'The Messenger' Debuts To A Round Of Jeers

The Messenger, the much-heralded digital news site that recently debuted, is facing intense criticism on a number of fronts.  

Critics are wondering about the mission of the site, which was founded by Jimmy Finkelstein, co-founder of The Hill and a former co-owner of The Hollywood Reporter, with $50 million in backing.  

The main objection seems to be that The Messenger consists largely of rewrites.  

“Perhaps the most striking thing about The Messenger’s first day was the sheer volume of content,” Joshua Benton writes on NiemanLab. “By my count, it published 203 different stories Monday — some as short as a single sentence. The New York Times—with its newsroom of more than 1,800 people—published 141.



“But most of those Times stories were, you know, stories, with reporting and interviews and such. Most of The Messenger’s are of the quick-aggregation variety, with individual staffers publishing 10 or more in an eight-hour shift.

This model has caused staff unhappiness and newsroom confusion. 

“The site has multiple teams dedicated to covering breaking news, which has resulted in confusion over who is working on what, according to five people familiar with the inner workings of the site who spoke on condition of anonymity because company rules prevent unauthorized interviews with the media,” Benjamin Mullin writes in The New York Times.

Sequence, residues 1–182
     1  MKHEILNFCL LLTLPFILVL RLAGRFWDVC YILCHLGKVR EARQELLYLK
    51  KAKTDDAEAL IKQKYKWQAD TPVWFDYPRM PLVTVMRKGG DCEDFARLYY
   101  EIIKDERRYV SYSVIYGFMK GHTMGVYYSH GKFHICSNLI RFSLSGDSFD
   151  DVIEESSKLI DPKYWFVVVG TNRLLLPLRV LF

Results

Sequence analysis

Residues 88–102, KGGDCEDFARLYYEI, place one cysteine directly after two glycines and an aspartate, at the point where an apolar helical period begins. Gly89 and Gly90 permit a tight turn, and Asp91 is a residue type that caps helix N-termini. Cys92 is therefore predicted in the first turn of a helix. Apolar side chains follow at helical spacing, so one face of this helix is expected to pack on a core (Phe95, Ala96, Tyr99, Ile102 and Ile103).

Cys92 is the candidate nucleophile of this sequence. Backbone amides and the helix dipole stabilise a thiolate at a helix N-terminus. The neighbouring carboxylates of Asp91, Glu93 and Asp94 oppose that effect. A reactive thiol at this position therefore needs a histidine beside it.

Mulltin continues, “On some occasions over the last week, The Messenger published two versions of the same story, with editors unaware of what their co-workers were working on.”

Reporters allegedly are failing to use a tool that would tell them what everyone is working on. 

These tensions led to a confrontation in which Gregg Birnbaum, a politics editor, quit on the spot, according to Mullin. 

One piece of original journalism was an interview with Donald Trump, derided as a “softball.” “David Corn, Mother Jones, wrote that the interview sent the message that the site 'is not up to its self-proclaimed task of healing the nation’s political discourse” and that it “may even be part of the problem’ since the interviewer failed to ask Trump about substantive developments, not least the recent finding against him in a sexual-abuse and defamation case brought by the writer E. Jean Carroll,” Mullin notes. 

Well-wishers hope that the mission and processes will shift. Give it time. 

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